Accessibility Guide

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Each article can be filtered by role (content creator or developer), or by a range of topics (links, headings, navigation, etc.). You can also adjust how many items are shown per page, and navigate by the pager.

Definition of roles

Content creator: Website editor, instructor working in canvas

Developer: Web admin or developer, mainly working on web themes or complex applications

Note about roles

Roles are determined by the person most likely responsible for an area of web design and development. Guidelines can overlap, and depending on a project or site, the responsibilities may fluctuate.

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Autofill on certain inputs makes it easier for users to understand what data is needed to fill out the form correctly, and the purpose of some form fields. Autocomplete is especially helpful for users with motor, memory, or cognitive disabilities, where the purpose of the field may need to be presented in another way.

Applicable Roles


Captioning makes video and live events more inclusive for people who are deaf and/or have hearing deficiencies. It also helps users understand content if the surrounding environment makes the video hard to understand (like a noisy restaurant or concert), and can aid in learning by letting users follow the captions as they watch video.

Applicable Roles

Content Creator

It is confusing for a user if the form isn't validated correctly, but there's no clear indication why. Clear error messages describing how to fix the issue will allow users to fix issues faster and be able to submit the form.

Applicable Roles


Meaningful link text helps users know where the link will take them, which makes it easier to navigate across websites. Link text that isn't clear or accurate tends to create a confusing experience, or makes users unsure the link they're clicking on is safe.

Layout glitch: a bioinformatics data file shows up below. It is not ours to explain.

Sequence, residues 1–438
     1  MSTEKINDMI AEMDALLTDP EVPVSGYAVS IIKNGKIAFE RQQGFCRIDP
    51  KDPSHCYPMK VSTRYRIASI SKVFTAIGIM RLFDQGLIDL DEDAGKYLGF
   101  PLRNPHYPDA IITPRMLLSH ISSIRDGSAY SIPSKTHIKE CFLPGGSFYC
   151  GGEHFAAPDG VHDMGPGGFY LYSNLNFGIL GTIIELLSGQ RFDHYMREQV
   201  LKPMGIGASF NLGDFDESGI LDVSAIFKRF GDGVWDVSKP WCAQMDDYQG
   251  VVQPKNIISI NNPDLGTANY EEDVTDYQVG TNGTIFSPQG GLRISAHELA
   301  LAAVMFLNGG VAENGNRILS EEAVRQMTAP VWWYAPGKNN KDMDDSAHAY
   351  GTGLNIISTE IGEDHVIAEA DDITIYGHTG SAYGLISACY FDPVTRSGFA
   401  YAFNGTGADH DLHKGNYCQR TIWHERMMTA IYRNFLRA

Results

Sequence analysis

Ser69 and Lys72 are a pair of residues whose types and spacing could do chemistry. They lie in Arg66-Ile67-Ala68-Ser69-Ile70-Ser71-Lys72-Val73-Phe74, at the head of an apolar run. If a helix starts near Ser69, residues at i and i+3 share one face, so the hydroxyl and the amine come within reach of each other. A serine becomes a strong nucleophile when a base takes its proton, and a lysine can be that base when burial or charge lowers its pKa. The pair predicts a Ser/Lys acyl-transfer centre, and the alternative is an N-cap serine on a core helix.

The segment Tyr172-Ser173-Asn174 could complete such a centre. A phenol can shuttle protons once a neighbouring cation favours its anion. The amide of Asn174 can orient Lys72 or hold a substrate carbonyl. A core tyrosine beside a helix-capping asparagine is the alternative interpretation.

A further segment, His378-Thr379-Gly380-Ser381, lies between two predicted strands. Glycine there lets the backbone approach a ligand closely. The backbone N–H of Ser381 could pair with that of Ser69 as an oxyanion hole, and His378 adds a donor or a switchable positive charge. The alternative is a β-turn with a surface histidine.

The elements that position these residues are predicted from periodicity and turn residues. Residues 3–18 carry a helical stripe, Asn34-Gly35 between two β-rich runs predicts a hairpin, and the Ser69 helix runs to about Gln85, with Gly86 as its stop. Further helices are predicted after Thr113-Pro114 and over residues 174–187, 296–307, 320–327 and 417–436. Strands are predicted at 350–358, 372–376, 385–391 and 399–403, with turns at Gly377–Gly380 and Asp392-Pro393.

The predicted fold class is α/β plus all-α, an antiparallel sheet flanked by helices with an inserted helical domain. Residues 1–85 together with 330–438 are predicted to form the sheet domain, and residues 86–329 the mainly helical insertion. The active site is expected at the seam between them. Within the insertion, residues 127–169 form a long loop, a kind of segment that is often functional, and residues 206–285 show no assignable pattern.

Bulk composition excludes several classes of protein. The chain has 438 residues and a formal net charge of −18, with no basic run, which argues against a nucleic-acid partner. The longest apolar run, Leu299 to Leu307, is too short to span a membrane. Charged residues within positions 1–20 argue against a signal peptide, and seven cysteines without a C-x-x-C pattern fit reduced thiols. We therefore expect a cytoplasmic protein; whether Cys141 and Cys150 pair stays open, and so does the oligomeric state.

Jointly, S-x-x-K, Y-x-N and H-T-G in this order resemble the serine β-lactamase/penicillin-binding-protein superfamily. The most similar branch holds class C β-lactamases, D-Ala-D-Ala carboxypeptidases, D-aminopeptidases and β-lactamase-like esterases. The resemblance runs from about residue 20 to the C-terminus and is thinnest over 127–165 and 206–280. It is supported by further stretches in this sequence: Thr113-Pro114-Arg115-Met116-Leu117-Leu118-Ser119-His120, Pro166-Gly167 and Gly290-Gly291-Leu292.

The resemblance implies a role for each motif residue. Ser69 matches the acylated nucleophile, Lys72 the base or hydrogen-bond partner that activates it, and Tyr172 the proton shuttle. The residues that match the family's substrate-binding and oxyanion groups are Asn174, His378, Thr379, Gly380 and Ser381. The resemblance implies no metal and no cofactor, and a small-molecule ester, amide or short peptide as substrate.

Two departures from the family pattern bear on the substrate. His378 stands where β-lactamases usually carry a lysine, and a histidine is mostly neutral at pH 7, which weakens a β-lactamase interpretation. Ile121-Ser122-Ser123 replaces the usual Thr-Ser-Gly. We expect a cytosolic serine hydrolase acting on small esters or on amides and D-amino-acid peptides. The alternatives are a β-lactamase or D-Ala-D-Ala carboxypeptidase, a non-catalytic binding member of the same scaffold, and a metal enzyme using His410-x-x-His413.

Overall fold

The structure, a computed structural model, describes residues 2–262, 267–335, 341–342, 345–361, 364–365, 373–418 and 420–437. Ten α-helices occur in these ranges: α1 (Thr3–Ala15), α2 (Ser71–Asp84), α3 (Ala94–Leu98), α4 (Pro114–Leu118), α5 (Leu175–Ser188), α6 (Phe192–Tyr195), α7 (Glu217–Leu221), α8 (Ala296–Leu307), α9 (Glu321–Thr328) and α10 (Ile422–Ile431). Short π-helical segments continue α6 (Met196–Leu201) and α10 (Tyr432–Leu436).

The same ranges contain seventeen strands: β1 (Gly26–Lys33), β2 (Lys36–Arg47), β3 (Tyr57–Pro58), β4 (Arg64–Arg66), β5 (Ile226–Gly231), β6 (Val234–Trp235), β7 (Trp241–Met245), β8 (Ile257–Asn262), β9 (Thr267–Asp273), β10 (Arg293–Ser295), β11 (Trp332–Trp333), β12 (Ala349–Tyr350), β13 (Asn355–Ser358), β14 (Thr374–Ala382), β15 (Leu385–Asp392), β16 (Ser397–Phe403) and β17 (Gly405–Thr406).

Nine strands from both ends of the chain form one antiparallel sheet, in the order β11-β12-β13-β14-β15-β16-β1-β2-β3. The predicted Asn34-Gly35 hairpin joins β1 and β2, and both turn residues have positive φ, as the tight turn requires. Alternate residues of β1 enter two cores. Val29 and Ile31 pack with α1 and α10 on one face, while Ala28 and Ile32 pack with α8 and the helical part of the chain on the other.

Applicable Roles

Content Creator Developer

Some images are too complex to be briefly described by alt text. Complex images can include charts, graphs, artwork, maps, etc. These images need a longer description on the page that can go into more detail about the non-text content.

Applicable Roles

Content Creator

WCAG 2.1 and WCAG 2.2

Web Content Accessibility Guidelines (WCAG) 2.2 is the most recent baseline W3C Recommendation for developing accessible web content. WCAG is based on four principles:

  1. Perceivable: users must be able to detect the content using a variety of senses.
  2. Operable: users must be able to navigate and use all functionality in web content.
  3. Understandable: users need web content that is readable and predictable.
  4. Robust: users can still access content, even if technologies update or change.

As of today, Washington state policy requires WCAG 2.1 as the accessibility standard. However, we recommend meeting WCAG 2.2, as 2.2 is backward compatible and satisfies 2.1 criteria, in addition to new criteria added in 2023.

ARIA 1.2

Accessible Rich Internet Applications (ARIA) provides a range of information to users about complex widgets and states of other interfaces.

Note: semantic HTML should be used instead of ARIA whenever possible.

There are resources for learning more about using ARIA when needed: